Tetanus toxoid and CCL3 improve dendritic cell vaccines in mice and glioblastoma patients.
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After stimulation, dendritic cells (DCs) mature and migrate to draining lymph nodes to induce immune responses. As such, autologous DCs generated ex vivo have been pulsed with tumour antigens and injected back into patients as immunotherapy. While DC vaccines have shown limited promise in the treatment of patients with advanced cancers including glioblastoma, the factors dictating DC vaccine efficacy remain poorly understood. Here we show that pre-conditioning the vaccine site with a potent recall antigen such as tetanus/diphtheria (Td) toxoid can significantly improve the lymph node homing and efficacy of tumour-antigen-specific DCs. To assess the effect of vaccine site pre-conditioning in humans, we randomized patients with glioblastoma to pre-conditioning with either mature DCs or Td unilaterally before bilateral vaccination with DCs pulsed with Cytomegalovirus phosphoprotein 65 (pp65) RNA. We and other laboratories have shown that pp65 is expressed in more than 90% of glioblastoma specimens but not in surrounding normal brain, providing an unparalleled opportunity to subvert this viral protein as a tumour-specific target. Patients given Td had enhanced DC migration bilaterally and significantly improved survival. In mice, Td pre-conditioning also enhanced bilateral DC migration and suppressed tumour growth in a manner dependent on the chemokine CCL3. Our clinical studies and corroborating investigations in mice suggest that pre-conditioning with a potent recall antigen may represent a viable strategy to improve anti-tumour immunotherapy.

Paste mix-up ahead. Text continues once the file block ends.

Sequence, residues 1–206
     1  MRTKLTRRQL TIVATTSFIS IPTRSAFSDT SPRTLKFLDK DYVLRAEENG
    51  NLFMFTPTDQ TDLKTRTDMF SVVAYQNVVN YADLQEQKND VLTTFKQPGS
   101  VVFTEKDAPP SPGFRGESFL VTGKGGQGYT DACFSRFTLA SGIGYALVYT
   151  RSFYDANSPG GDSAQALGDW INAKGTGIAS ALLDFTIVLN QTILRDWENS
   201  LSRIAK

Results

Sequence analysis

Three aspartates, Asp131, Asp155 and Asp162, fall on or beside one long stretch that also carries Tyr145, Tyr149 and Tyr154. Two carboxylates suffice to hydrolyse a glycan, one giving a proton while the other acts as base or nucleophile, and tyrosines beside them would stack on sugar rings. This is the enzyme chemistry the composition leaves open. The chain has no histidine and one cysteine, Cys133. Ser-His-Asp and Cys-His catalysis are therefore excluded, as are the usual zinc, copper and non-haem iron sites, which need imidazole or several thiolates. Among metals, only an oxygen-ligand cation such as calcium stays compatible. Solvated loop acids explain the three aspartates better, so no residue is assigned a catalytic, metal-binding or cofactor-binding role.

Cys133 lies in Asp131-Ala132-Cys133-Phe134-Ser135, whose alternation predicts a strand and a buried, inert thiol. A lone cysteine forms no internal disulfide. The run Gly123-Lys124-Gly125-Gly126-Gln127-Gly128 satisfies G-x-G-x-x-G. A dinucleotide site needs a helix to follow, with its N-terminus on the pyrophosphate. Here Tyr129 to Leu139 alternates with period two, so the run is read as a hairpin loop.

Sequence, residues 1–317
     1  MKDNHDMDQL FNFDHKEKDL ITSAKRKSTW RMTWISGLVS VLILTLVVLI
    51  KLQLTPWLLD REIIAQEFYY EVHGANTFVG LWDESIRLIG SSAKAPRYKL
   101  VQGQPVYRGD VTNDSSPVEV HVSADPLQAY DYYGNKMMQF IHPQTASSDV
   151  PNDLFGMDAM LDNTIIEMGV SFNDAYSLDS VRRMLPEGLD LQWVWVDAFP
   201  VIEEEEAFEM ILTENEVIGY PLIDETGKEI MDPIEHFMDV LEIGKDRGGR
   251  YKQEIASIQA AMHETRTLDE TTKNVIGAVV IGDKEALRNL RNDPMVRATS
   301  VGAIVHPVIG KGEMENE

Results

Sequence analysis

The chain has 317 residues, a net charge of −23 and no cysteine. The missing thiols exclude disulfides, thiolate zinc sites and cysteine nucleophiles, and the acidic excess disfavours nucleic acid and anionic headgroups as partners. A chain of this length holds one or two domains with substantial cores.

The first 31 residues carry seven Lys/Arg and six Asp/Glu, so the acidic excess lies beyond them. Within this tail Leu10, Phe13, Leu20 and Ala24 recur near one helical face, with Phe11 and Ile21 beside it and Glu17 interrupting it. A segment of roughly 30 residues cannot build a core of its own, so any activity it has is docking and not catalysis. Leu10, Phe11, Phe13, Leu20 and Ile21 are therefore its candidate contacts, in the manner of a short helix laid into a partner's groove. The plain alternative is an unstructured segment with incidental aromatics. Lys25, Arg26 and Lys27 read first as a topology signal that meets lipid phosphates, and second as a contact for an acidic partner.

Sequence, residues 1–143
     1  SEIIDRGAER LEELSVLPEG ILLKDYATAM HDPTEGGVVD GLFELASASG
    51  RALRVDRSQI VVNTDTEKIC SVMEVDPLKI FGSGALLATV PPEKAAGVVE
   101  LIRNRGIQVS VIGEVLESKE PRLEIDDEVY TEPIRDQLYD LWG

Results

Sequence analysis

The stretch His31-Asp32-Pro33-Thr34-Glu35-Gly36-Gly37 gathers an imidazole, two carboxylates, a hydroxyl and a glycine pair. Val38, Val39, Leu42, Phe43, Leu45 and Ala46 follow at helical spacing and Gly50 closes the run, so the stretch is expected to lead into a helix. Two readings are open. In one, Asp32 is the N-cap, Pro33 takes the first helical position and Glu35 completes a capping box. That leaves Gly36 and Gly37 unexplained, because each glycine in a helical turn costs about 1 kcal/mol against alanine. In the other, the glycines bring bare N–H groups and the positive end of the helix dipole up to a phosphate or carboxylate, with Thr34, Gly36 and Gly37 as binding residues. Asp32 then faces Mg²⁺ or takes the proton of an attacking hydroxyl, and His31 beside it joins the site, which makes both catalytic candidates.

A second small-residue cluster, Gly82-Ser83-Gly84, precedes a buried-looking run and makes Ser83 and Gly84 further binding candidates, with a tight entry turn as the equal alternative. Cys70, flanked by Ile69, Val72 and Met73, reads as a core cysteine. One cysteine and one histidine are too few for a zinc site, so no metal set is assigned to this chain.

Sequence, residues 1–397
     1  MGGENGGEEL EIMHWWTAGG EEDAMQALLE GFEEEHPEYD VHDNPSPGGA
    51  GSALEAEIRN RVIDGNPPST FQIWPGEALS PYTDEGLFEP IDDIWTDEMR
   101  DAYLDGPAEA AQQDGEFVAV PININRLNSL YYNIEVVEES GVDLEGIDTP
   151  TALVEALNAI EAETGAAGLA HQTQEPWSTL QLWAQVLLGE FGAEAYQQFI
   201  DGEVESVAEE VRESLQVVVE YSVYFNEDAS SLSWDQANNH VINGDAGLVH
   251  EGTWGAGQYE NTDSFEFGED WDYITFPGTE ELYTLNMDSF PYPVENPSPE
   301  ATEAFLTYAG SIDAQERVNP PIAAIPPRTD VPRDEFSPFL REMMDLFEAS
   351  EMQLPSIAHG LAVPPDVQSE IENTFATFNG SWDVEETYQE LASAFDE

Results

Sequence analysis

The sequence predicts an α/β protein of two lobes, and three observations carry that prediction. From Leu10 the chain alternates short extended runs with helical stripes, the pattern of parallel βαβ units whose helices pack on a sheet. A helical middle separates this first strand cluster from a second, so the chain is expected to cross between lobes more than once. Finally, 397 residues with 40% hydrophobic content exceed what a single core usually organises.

Mice, Inbred C57BL
Viral Matrix Proteins
Published Version (Please cite this version)10.1038/nature14320
Publication InfoMitchell, Duane A; Batich, Kristen A; Gunn, Michael D; Huang, Min-Nung; Sanchez-Perez, Luis; Nair, Smita K; ... Sampson, John H (2015). Tetanus toxoid and CCL3 improve dendritic cell vaccines in mice and glioblastoma patients. Nature, 519(7543). pp. 366-369. 10.1038/nature14320. Retrieved from https://hdl.handle.net/10161/16099.
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Gerald Edward Archer
Assistant Professor of Neurosurgery
My current research focus involves the delivery of therapeutic agents for the treatment of central nervous system neoplasia. Utilizing athymic rat models of central nervous system neoplasia I am investigating compartmental approaches to increase therapeutic efficacy of chemotherapeutic agents and immunoconjugates. Preclinical testing in athymic rats of intrathecal administration of melphalan and 4-hydroperoxycyclophosphamide have resulted in the FDA granting investigational new drug prot